"What is your pace?" The guy at the running shoe store asked. I was to get on a treadmill and run so he could film my feet, analyze my gait, and suggest the best shoe for my running style. He wanted to know at what speed he should set the treadmill. I gave him a number. He pressed one button and then another.
"You can start whenever you're ready."
It had been awhile since I touched a treadmill. Treadmill running is different than solid-ground running, I remembered immediately. I felt unsteady. I didn't think it was likely that my feet were doing what they usually do. My earrings were bouncing. My jeans felt tight around my knees. I wasn't planning to do this.
After a minute I got off the treadmill. It was not a graceful exit but I managed not to embarrass myself. I went over to the computer screen with the sales guy and he played the clip. I saw my calves and my ankles, the backs of my heels, my sock just above the rim of the demo shoe I was wearing.
He slowed the speed of the video to point out that I strike with my mid foot. I don't display notable pronation. My gait is typical. He left the screen on, my feet frozen in mid air, and he stepped into the back room to retrieve a few pairs of shoes for me to try.
It was odd to see my feet from behind like that. To watch myself moving from an angle we see other people all the time but never ourselves. It was like looking at a stranger except I recognized the way my knees turned in. The foot-plant was familiar. I watched my ankles absorb impact and rebound in response, and it was like seeing a muscle memory. A physical perspective on something that's only ever been internal.
It's 60 degrees on a Saturday in February. The sidewalks are choked with people and puddles. I'm driving in my car and see a girl jogging. She's wearing short sleeves and headphones and her ponytail swings in rhythm with her step.
I see her and something pulls in me. It's an old feeling and I'd almost forgotten about it.
I can't wait to go running.
In high school, running was my "thing." It identified me. Distance runner. Cross country runner. Miler. Two-miler. I had a letter jacket covered in metals that clanked when I walked. I was mighty proud to wear it.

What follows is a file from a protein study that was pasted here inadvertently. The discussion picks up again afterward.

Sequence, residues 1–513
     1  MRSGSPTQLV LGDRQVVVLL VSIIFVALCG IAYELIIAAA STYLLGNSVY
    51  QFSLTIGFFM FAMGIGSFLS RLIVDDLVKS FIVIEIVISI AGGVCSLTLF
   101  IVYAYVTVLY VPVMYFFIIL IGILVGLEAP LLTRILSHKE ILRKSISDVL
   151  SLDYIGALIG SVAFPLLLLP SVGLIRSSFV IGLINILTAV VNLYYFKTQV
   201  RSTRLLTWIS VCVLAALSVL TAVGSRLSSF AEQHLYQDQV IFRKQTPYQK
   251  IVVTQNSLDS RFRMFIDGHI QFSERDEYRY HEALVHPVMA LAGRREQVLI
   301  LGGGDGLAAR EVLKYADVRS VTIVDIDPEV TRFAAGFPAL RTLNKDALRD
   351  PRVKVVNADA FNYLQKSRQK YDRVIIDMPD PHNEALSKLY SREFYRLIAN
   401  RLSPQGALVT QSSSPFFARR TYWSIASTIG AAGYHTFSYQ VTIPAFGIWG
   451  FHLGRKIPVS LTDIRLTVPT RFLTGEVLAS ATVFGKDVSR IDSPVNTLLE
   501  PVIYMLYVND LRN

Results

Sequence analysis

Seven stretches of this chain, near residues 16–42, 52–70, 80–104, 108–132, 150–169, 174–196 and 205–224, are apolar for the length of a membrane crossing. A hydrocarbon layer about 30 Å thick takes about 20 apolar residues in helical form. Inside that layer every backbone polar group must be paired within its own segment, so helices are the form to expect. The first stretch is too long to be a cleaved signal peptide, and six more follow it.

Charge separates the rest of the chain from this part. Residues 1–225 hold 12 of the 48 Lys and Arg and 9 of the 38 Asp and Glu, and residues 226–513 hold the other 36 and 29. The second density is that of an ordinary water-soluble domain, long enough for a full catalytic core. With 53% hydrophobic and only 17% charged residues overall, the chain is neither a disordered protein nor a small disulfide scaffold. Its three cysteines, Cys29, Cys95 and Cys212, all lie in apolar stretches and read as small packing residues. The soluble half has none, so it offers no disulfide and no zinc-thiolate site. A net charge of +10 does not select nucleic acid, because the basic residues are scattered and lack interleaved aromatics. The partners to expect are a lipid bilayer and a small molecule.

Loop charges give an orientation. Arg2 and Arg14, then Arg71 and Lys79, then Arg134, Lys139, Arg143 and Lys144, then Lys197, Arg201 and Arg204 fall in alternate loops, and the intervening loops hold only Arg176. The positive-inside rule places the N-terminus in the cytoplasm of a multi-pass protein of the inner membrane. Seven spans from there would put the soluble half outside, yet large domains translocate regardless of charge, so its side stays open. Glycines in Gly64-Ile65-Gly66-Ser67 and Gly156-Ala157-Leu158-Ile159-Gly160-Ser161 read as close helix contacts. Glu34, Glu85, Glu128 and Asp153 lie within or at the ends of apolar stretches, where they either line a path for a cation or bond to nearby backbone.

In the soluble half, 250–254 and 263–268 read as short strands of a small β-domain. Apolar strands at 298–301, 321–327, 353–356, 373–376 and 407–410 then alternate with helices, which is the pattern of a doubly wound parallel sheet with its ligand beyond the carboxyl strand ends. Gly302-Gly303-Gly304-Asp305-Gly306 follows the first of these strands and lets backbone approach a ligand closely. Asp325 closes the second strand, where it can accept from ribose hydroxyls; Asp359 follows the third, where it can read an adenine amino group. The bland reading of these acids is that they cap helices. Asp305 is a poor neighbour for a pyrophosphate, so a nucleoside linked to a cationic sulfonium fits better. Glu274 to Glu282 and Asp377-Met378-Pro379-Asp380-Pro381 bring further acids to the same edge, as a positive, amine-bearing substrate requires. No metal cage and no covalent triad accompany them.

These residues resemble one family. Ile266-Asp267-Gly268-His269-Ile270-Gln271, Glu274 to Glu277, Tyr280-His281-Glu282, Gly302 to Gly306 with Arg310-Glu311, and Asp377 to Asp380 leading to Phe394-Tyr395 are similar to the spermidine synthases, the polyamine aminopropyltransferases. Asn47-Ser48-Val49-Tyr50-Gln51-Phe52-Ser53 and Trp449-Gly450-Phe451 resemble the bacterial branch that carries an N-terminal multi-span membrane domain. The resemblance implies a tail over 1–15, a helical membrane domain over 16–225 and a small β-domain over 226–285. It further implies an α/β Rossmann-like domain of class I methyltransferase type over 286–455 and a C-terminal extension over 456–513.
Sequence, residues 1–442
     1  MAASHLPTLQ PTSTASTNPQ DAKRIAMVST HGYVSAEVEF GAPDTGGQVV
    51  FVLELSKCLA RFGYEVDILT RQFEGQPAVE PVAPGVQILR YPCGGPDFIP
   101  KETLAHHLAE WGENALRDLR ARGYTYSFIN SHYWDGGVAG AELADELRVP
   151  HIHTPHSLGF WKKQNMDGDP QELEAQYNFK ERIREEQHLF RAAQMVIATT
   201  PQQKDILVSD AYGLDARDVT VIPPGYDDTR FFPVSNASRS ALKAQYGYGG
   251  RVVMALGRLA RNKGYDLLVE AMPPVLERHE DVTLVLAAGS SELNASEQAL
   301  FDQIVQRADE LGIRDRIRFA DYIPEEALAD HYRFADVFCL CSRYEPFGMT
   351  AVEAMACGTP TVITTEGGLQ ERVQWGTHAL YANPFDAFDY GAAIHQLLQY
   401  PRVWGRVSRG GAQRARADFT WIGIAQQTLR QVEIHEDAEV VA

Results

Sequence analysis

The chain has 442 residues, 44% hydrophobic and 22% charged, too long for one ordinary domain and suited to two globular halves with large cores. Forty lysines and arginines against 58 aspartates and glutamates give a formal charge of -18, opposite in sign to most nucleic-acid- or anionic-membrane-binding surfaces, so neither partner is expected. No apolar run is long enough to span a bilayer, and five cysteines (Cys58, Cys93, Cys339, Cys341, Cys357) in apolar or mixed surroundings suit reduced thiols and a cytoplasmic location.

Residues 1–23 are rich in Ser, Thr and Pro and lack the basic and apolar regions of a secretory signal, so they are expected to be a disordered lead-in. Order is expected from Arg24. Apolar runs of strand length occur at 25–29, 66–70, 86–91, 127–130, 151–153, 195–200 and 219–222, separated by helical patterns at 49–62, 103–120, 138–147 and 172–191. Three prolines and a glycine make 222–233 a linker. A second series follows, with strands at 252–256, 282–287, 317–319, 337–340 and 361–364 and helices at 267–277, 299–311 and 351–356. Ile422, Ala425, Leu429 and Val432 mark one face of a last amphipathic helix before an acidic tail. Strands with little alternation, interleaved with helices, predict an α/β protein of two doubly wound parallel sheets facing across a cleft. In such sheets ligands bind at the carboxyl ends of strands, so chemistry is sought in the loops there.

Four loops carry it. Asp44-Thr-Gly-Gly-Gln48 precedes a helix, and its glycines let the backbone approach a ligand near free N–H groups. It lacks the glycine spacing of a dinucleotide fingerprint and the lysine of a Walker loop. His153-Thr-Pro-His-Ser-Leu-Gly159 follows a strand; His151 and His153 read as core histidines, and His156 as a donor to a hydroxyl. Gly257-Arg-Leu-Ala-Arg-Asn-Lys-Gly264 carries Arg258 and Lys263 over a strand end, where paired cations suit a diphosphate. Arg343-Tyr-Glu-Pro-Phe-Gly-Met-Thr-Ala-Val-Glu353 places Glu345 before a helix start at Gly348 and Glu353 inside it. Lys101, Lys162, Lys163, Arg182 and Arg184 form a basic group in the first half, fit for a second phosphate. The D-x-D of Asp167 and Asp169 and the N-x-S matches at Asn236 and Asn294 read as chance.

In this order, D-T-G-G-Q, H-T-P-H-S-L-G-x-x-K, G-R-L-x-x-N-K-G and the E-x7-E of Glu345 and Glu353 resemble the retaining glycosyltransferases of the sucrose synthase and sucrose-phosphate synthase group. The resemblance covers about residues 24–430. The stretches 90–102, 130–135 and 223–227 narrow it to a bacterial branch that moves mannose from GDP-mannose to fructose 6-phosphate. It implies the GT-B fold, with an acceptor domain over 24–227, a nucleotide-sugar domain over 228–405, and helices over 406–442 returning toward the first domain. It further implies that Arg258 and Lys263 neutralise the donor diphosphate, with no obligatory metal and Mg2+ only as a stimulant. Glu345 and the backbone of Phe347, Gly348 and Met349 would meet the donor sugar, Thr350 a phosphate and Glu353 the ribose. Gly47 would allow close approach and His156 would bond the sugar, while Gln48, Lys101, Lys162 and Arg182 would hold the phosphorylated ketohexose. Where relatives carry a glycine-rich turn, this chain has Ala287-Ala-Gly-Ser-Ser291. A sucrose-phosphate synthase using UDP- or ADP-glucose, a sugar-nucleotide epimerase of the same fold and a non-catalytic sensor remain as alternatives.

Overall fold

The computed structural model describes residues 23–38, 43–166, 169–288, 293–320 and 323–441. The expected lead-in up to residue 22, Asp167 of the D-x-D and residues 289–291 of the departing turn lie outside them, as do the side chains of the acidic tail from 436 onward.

I liked being part of the team. I liked performing well. And I did like running itself but my favorite part was stopping. Not just because I was done (though that was a part of it, too), but more because of the intense feeling of total body relief:
Like swimming against the current
and suddenly deciding to float belly up
and let it take you.
Like feeling the adrenaline rush
of a house-shaking crack of thunder,
then settling back into your pillow
with the vibrations still
breaking through the air.
I loved that.
But then there were all the years of pregnancies and young children and sleep deprivation, and I lost running. In order to hang onto it, I would have had to choose it over anything else that filled me. It was too fast. Too desperate. Too hard. It hurt too much. Any time I tried to take it back, claim it again as mine, the excuses would derail me. It was chaos in my body, and it was not the right thing to balance the chaos in my head. I couldn't love it.
But with my youngest daughter about to turn four, it's true that the demands on me have shifted. I sleep all night (usually). My oldest kid can babysit for run-length periods of time. My lap is often empty. No one needs me in an all-consuming way anymore. There's more space in my head and all around me.
And I've been doing strength workouts for a number of months now, and I'm definitely stronger. Way stronger. And I think that's the extra edge I needed to start running again.
Coming up the hill at the end of my run today, my lungs were burning. I pushed off my toes and felt the muscles deep in my low belly firing. It was hard. Part of me wanted to stop. And I could have -- I don' t have to do this. I'm not even training for a race. But I am strong enough now that my muscles remember how to square shoulders over hips, support my chest up high, and run straight through the excuses.
And when I did stop at the top of the hill, I had that old ache in the back of my throat from pushing hard and my rib cage hurt from expanding wide enough to give my lungs the space they needed and I could see my heartbeat in my eyes and I smiled at the sky because -- this. I missed this. I missed this and then forgot that I missed it until liking it at all was buried under an entire decade.
I'm starting to remember, and like is blooming around the edges of running for me again.